Descriptive Verbs Printable Book Mark

How Descriptive Are Your Verbs?
courtesy of http://banyantreestudio.com

If you’re looking for a great descriptive verb for your latest word picture, look no farther! This printable bookmark is filled with choices for creating dialogue, compelling descriptions of your character’s antics, or though-provoking sentences in any style or genre. as Debbie Maxwell Allen wrote in her blog, “Sentences that use walked, sat, and thought pale in comparison to stalked, sprawled, and stewed. However, don’t label yourself as a failure if strong verbs don’t automatically show up in your manuscript. Adding stronger verbs is something you do in your rewriting.”

Print this out on card stock for a handy reference that’s always at the ready—and another big thank you to artist Ginny Millard at www.banyantreestudio.com for creating it. Please visit Ginny’s website and let her know how much you appreciate having all these fantastic word choices at your fingertips.

If you like the idea of a bookmark filled with words, you’ll find another filled with Synonyms for Said in an earlier blog.

And don’t forget to “bookmark” Change It Up Editing and Writing Services for all your editing and writing needs in 2013. Let me help you say it the way you mean it!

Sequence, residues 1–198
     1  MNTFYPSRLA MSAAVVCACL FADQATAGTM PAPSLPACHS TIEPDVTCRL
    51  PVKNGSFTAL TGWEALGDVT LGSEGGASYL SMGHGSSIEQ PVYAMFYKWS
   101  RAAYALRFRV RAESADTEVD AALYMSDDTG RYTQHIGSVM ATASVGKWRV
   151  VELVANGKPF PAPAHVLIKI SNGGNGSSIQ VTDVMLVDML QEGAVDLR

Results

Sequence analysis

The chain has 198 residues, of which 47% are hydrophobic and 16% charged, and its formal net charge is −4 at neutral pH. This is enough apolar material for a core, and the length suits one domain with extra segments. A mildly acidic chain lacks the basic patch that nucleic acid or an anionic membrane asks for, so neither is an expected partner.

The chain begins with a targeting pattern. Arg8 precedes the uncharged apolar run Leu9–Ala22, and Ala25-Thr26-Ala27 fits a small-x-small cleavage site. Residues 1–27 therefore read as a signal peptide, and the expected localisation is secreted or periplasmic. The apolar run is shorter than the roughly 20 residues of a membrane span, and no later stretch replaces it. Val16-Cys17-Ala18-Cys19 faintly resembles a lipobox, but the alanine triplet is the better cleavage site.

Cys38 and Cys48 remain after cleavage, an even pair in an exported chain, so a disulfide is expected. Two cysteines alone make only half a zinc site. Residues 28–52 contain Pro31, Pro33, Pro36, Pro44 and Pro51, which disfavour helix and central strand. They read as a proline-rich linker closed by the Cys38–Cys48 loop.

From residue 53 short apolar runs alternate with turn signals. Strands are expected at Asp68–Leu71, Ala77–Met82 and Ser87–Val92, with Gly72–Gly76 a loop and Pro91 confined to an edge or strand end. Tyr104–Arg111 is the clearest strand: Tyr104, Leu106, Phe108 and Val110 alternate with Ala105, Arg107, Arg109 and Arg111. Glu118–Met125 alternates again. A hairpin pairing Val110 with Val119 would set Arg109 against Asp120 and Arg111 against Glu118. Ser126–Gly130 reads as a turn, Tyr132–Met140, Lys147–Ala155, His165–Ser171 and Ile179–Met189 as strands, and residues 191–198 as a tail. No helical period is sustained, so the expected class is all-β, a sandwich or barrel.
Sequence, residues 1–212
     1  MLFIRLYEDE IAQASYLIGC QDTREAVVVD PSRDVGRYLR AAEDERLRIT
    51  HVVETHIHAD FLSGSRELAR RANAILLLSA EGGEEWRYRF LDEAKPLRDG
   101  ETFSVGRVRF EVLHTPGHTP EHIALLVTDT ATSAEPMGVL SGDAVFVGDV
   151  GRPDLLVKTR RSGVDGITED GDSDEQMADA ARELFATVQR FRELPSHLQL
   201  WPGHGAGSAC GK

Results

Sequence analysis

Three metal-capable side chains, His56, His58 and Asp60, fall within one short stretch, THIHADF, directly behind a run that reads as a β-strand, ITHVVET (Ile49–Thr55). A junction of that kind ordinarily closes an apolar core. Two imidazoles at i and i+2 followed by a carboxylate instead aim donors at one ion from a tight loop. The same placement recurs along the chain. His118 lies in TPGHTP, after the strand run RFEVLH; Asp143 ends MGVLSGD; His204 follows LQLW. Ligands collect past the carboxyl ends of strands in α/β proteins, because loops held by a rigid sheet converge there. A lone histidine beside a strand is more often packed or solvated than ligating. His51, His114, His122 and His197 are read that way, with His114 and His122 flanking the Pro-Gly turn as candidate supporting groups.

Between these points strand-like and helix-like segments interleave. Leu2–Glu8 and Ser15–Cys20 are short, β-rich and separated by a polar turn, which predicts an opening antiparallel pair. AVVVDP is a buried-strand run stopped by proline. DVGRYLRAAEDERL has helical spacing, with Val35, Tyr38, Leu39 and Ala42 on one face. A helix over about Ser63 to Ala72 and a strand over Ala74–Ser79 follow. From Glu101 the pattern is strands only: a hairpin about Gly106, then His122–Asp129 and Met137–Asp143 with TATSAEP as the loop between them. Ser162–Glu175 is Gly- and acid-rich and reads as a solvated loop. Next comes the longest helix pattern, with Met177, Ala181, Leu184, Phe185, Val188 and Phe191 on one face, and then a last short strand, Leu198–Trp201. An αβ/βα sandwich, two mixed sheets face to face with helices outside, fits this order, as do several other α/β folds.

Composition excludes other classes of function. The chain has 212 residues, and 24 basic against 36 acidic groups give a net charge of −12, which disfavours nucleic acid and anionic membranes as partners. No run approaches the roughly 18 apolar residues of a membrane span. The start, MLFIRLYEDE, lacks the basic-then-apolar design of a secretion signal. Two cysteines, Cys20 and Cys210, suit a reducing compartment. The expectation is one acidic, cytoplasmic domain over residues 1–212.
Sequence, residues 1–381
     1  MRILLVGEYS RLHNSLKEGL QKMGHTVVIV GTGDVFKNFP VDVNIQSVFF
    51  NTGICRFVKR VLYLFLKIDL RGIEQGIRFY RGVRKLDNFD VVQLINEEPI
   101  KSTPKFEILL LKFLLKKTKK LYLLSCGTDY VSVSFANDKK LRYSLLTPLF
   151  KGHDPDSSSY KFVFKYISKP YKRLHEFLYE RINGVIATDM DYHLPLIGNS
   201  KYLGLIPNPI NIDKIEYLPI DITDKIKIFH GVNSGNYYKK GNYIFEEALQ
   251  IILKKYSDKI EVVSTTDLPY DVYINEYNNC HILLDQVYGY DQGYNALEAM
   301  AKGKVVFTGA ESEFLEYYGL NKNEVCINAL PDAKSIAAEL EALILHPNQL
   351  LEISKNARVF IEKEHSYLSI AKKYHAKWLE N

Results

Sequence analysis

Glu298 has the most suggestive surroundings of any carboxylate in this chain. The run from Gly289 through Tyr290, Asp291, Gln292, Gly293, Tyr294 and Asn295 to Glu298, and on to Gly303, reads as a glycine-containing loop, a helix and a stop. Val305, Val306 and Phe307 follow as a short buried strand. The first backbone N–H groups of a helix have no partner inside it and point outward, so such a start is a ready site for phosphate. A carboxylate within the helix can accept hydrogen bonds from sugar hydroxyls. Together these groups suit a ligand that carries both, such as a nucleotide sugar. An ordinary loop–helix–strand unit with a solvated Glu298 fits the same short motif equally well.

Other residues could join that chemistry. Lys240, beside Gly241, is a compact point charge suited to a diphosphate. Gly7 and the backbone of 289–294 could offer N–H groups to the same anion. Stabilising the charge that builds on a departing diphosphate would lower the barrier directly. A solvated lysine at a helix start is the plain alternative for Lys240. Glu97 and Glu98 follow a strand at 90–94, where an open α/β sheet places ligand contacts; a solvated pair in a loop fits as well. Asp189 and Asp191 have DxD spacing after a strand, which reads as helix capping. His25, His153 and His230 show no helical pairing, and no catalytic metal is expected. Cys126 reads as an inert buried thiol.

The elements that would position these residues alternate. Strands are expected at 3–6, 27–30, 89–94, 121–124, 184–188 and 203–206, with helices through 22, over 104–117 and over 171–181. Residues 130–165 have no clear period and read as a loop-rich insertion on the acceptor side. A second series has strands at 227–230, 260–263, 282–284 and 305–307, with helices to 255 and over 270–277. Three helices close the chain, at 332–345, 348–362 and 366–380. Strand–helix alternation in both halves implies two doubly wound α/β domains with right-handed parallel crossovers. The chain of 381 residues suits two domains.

Happy Writing!

—Candace

How Descriptive Are Your Verbs? Here is a list! #amwriting #writetip #writers Click To Tweet

If you enjoyed this article, subscribe to my blog and you’ll never miss my posts! It’s easy: just enter your email address in the space between “Recent Posts” and “Archives” on this page. I won’t share your email address with anyone!

This bookmark originally appeared in the post You Are Not Alone.

Descriptive Verbs Bookmark

Today is Groundhog Day, the day in the United States when a little groundhog named Phil becomes a media star. Phil emerges to check for his shadow, and millions of Americans find out if they have to suffer six more weeks of winter OR if they will enjoy an early spring. Phil might be the solitary prognosticating groundhog in Punxsutawney, Pennsylvania today, but as a writer, you are not alone.

Descriptive Verbs Bookmark
courtesy of Banyantreestudio.com

In Phil’s honor, I am unveiling a new bookmark today. It’s filled with descriptive verbs you can use for creating great dialogue, moving descriptions of Phil’s antics, or great sentences in any style or genre you write. Print this out on card stock for a handy reference that’s always at the ready—and another big thank you to artist Ginny Millard at www.banyantreestudio.com for creating it. Please visit Ginny’s website and let her know how much you appreciate having all these fantastic word choices at your fingertips.

And don’t forget to “bookmark” Change It Up Editing and Writing Services for all your editing and writing needs in 2013. Let me help you say it the way you mean it!

Remember: you are not alone!

Happy Writing!

—Candace

Pass the Passive Writing, Please!

Image courtesy of markuso at FreeDigitalPhotos.net